On 19 May, Crimea agreed to remain part of Ukraine and annulled its proclamation of self-government but Crimean Communists forced the Ukrainian government to expand on the already extensive autonomous status of Crimea.:587 In the same period, Russian president Boris Yeltsin and Ukrainian President Leonid Kravchuk agreed to divide the former Soviet Black Sea Fleet between Russia and the newly formed Ukrainian Navy.
On 14 October 1993, the Crimean parliament established the post of President of Crimea and agreed on a quota of Crimean Tatars represented in the Council of 14. However, political turmoil continued. Amendments[clarification needed] to the constitution eased the conflict, but on 17 March 1995, the parliament of Ukraine intervened by abolishing the Crimean Constitution of 1992, all the laws and decrees contradicting those of Kiev, among which were the laws guarantying representation for the Crimean Tartars and other ethnic groups, and removing Yuriy Meshkov (the President of Crimea) as well as the office of The President of Crimea. After an interim constitution, the current constitution was put into effect, changing the territory's name to the Autonomous Republic of Crimea.
Following the ratification of the May 1997 Treaty of Friendship, Cooperation, and Partnership on friendship and division of the Black Sea Fleet, international tensions slowly eased. However, in 2006, anti-NATO protests broke out on the peninsula. In September 2008, the Ukrainian Foreign Minister Volodymyr Ohryzko accused Russia of giving out Russian passports to the population in the Crimea and described it as a "real problem" given Russia's declared policy of military intervention abroad to protect Russian citizens.
On 24 August 2009, anti-Ukrainian demonstrations were held in Crimea by ethnic Russian residents. Sergei Tsekov (of the Russian Bloc and then deputy speaker of the Crimean parliament) said then that he hoped that Russia would treat the Crimea the same way as it had treated South Ossetia and Abkhazia. Chaos in the Ukrainian parliament erupted during a debate over the extension of the lease on a Russian naval base on 27 April 2010 after Ukraine's parliament ratified the treaty that extends Russia's lease on naval moorings and shore installations in port of Sevastopol and other locations in Crimea until 2042 with optional five-year renewals. Along with Verkhovna Rada, the treaty was ratified by the Russian State Duma as well.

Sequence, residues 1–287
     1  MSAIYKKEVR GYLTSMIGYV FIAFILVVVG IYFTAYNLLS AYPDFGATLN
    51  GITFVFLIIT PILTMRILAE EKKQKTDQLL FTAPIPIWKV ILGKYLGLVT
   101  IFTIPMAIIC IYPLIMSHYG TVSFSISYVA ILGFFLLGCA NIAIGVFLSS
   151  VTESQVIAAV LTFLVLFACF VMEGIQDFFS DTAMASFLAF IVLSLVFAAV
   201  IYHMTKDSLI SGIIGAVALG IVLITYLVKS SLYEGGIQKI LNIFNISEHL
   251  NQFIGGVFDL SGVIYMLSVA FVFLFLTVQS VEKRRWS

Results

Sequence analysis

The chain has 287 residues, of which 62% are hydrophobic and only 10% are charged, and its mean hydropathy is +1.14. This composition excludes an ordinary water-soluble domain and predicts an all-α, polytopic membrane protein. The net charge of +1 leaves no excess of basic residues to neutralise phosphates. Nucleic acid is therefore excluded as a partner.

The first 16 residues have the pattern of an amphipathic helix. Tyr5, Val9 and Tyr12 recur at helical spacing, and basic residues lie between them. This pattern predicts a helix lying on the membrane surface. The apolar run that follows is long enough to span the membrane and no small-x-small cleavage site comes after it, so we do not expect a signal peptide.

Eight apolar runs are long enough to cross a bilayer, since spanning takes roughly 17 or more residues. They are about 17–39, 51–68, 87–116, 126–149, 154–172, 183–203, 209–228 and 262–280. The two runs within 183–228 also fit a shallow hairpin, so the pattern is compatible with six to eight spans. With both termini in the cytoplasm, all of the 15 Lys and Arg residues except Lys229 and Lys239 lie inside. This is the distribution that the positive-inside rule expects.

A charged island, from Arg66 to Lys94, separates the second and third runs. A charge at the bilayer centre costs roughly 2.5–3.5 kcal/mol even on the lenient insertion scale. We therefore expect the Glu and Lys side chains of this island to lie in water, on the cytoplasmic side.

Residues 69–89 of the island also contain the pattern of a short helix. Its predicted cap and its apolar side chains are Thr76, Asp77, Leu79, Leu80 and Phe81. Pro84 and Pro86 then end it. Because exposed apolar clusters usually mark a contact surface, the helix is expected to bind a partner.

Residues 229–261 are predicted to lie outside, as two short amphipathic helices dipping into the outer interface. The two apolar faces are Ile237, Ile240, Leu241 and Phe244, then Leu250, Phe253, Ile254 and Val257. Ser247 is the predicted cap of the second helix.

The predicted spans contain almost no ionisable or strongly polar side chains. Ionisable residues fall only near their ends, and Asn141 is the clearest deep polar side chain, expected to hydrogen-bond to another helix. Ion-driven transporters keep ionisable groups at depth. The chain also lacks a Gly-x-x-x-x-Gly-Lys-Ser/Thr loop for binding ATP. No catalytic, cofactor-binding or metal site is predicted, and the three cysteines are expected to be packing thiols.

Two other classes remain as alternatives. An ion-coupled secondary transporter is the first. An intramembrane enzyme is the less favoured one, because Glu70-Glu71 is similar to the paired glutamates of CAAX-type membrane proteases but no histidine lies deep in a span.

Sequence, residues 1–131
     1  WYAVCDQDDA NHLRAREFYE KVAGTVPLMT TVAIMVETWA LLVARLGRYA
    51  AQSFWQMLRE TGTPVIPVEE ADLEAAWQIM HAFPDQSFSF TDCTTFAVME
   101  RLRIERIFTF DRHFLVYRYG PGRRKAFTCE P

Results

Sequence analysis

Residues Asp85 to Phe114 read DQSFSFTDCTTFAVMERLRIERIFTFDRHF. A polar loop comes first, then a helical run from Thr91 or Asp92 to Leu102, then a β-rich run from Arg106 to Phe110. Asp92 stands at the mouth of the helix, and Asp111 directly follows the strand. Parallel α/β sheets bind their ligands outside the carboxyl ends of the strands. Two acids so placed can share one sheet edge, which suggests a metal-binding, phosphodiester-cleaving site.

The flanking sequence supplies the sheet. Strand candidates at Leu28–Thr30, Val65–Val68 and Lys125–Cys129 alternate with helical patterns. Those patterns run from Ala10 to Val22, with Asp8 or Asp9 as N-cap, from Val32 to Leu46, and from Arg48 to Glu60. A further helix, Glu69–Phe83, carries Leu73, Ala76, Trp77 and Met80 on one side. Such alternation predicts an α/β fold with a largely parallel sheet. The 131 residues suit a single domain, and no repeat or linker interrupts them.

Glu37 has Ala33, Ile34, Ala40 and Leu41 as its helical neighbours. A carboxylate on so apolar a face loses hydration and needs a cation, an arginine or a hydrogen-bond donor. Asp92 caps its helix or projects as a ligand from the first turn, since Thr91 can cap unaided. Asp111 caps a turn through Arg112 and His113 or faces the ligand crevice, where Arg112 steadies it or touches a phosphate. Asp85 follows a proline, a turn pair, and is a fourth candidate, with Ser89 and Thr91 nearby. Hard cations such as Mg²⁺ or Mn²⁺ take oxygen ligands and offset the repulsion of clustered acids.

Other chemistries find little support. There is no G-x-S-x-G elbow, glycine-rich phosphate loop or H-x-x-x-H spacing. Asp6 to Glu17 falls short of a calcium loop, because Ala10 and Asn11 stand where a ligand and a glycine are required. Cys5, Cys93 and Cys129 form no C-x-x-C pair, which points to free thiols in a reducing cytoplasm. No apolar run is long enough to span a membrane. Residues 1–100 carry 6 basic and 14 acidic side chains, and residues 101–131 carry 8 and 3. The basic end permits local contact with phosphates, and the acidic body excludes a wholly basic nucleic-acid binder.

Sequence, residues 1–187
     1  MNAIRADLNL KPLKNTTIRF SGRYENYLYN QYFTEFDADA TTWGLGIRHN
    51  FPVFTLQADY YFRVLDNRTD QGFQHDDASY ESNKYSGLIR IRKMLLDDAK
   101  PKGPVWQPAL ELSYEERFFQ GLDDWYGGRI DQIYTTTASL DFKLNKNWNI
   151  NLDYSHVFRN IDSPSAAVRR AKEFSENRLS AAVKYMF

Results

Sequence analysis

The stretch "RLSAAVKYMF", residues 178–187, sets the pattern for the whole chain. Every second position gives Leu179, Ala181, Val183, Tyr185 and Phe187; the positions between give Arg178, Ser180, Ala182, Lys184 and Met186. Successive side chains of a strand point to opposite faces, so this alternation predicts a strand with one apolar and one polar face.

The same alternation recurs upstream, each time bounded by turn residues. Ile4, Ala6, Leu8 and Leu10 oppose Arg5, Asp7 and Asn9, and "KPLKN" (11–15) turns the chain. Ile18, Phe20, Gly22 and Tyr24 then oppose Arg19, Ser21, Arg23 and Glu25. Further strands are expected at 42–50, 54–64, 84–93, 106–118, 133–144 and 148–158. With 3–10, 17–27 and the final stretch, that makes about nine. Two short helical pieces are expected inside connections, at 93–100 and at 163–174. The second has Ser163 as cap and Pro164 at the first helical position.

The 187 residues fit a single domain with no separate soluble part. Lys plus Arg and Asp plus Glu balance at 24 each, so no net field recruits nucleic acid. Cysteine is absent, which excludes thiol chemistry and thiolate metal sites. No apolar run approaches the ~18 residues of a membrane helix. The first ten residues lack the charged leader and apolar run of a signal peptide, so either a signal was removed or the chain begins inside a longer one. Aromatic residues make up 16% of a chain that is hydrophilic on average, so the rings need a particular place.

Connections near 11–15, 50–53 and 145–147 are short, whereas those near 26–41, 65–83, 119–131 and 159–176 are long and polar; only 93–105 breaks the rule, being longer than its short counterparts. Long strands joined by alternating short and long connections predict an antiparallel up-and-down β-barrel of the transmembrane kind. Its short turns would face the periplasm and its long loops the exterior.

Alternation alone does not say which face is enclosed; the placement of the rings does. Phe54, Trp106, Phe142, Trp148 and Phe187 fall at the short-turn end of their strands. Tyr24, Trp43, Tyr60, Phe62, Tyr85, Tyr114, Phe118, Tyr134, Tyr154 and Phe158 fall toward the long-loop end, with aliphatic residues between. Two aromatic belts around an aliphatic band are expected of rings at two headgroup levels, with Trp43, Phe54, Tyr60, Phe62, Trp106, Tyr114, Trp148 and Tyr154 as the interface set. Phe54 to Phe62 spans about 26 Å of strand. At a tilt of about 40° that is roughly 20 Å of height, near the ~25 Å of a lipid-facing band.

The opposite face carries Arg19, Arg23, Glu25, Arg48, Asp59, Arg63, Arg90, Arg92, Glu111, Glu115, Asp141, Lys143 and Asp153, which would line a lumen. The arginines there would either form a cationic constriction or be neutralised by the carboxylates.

2014 Russian annexation
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Following the 2014 Ukrainian revolution that ousted the pro-Russian Ukrainian President Viktor Yanukovych on 22 February 2014, there was a push by pro-Russian protesters for Crimea to secede from Ukraine and seek assistance from Russia.
On 26 February 2014, thousands of pro-Russian and pro-Ukraine protesters clashed in front of the parliament building in Simferopol. Two days later, Russian forces occupied airports and other strategic locations in Crimea which the interim Government of Ukraine described as an invasion and occupation. Gunmen, either armed militants or Russian special forces, occupied the Crimean parliament. Under armed guard and with the doors locked, members of parliament reportedly elected Sergey Aksyonov as the new Crimean Prime Minister. The de facto Crimean Prime Minister Sergey Aksyonov said that he asserted sole control over Crimea's security forces and appealed to Russia "for assistance in guaranteeing peace and calmness" on the peninsula. The central Ukrainian government did not recognize the Aksyonov administration and considers it illegal. Ousted Ukrainian President Viktor Yanukovich sent a letter to Putin asking him to use military force in Ukraine to restore law and order. The Russian foreign ministry stated that "movement of the Black Sea Fleet armored vehicles in Crimea (...) happens in full accordance with basic Russian-Ukrainian agreements on the Black Sea Fleet".
On 1 March, the Russian parliament granted President Vladimir Putin the authority to use military force in Ukraine. The move was condemned by many Western and Western-aligned nations. On the same day, the acting president of Ukraine, Oleksandr Turchynov decried the appointment of the Prime Minister of Crimea as unconstitutional. Russia established de facto control of the territory.